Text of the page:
Ingredient of the Week: Leftover Turkey
The week after Thanksgiving is often riddled with cooks across America scratching their heads at what to do with all the leftover turkey. Not to worry. Here at Eating Our Words, we offer not one, not two, but three things to do with that leftover turkey, not to mention its bones. From sandwiches to gumbo, this wonderful ingredient of the post-Thanksgiving week can do it all.
Photo by John Suh "Gobble, gobble."
What is it?
The turkey is a large bird native to the forests of North America, but it is named after the nation of Turkey. When Europeans brought one home from America more than 400 years ago, they mistakenly gave it the same name as another bird from Africa -- the guinea fowl, which was, at the time, imported through Turkey.
Americans love their turkey, especially on holidays such as Thanksgiving and Christmas. Benjamin Franklin even wanted to make the wild turkey, not the bald eagle, the national bird of the United States. The turkey that we eat, however, is different from the wild turkey; domestic turkeys are much heavier than wild turkeys and usually cannot fly because of their weight.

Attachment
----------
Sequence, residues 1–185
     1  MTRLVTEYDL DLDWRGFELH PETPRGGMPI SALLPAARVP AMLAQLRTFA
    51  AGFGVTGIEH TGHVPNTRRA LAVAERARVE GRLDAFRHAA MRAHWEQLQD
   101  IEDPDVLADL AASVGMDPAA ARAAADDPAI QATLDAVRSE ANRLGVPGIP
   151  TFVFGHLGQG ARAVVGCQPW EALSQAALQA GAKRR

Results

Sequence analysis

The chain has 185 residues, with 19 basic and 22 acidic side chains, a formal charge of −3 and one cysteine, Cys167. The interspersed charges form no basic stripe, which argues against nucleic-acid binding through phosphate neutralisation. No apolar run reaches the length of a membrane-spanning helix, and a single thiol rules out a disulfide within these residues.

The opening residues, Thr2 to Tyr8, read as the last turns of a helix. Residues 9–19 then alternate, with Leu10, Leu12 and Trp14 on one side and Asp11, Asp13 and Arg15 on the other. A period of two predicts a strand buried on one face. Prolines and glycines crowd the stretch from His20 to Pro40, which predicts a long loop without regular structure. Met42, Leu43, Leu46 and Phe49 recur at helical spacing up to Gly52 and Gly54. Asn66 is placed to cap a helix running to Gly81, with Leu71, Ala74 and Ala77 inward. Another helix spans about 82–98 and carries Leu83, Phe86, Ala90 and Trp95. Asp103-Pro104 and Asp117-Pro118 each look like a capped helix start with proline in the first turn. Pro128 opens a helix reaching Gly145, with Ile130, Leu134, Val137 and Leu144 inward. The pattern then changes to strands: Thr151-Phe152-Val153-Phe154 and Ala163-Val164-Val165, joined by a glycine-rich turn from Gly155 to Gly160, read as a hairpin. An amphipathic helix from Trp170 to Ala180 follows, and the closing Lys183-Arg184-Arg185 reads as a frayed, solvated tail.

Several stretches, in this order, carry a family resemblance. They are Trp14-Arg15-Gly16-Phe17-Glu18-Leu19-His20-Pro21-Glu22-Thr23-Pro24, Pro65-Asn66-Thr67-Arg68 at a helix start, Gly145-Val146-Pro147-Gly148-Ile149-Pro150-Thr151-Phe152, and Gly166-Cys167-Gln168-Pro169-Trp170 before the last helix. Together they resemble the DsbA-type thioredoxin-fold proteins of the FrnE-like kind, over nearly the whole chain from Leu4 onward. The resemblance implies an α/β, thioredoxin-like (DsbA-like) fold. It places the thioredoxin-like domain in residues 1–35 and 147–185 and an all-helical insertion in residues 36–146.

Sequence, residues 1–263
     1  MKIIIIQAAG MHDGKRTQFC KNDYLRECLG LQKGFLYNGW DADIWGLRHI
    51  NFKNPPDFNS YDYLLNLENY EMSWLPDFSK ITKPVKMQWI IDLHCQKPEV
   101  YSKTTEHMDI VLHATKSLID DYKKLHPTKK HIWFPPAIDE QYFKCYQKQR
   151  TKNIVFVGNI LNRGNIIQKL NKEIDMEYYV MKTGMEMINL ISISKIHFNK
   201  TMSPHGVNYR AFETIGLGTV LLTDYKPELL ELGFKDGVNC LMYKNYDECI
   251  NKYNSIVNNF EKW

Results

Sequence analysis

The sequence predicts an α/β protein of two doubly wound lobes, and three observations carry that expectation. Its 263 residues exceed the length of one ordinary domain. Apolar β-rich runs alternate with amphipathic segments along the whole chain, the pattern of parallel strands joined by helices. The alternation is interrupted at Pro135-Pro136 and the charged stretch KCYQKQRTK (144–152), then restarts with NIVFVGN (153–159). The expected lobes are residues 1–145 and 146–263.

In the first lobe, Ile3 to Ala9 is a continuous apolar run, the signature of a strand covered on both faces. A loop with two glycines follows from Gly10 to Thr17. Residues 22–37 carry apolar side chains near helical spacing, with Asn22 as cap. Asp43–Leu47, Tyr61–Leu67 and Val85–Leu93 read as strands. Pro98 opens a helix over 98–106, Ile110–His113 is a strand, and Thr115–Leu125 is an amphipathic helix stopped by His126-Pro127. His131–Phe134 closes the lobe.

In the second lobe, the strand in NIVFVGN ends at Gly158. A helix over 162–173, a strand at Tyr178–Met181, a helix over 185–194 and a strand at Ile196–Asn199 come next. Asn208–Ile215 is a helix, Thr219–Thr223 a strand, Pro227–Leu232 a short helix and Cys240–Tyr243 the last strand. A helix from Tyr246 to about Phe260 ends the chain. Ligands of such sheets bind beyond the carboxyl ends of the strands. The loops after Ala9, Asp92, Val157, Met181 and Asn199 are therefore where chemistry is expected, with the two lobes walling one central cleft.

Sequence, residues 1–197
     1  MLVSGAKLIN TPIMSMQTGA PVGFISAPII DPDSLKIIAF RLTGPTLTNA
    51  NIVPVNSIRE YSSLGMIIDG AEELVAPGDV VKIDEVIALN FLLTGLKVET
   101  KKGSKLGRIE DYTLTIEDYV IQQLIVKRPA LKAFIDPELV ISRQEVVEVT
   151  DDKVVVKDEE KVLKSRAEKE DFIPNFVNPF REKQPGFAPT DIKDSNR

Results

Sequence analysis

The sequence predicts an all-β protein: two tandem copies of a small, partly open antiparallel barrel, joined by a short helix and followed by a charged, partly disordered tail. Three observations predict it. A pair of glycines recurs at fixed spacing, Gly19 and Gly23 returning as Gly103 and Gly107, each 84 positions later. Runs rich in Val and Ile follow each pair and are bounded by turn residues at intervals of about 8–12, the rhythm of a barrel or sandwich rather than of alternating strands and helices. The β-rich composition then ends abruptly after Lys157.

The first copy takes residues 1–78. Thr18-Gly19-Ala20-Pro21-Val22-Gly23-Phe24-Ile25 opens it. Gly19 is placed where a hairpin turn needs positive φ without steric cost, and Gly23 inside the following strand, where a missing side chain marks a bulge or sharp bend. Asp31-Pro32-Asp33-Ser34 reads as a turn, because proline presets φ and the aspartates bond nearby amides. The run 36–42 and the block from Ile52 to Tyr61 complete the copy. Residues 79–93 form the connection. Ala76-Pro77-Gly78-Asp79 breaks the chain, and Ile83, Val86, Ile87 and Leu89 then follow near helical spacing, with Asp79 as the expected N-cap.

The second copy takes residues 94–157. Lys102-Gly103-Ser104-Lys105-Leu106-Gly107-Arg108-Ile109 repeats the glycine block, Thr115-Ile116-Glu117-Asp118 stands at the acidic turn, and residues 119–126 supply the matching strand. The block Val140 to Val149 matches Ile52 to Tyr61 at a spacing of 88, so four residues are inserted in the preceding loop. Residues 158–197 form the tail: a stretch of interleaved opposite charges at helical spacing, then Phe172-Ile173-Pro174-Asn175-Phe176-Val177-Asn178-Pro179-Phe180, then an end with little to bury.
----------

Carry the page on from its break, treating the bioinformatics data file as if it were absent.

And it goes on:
In 1975, Americans consumed 8.3 pounds of turkey a year. This number jumped to more than 18 pounds per year in 1995.
How do I use it?
Whole turkeys, like most other poultry, are mostly prepared by roasting, smoking, or frying. The leftover meat, however, is much more versatile. If you're tired of reheating and eating, try stripping the meat off the bones and storing it in an airtight bag or container either in the refrigerator or freezer. Use it to make turkey salad or sandwiches.
Don't throw away the bones, either -- use them to make stock. You can store the stock in the fridge for a few days and use it as a base for soup, or freeze for later use.
Where can I find it?
In your very own kitchen after Thanksgiving dinner.
Turkey Pot Pie
Here is my favorite thing to make with leftover turkey meat. Pot pies are easy and an American staple comfort food.
Who needs Swanson when you can do it yourself? Follow these simple steps, and you'll have homemade turkey stock to use in your next soup or stew.
Every Asian cuisine has its own version of rice porridge. It's good to eat on a cold day or when you're under the weather -- think of it as the Asian chicken (or in this case, turkey) noodle soup. Soy sauce can be substituted for fish sauce.
Turkey is the gift that keeps giving. What do you do with your leftover turkey?
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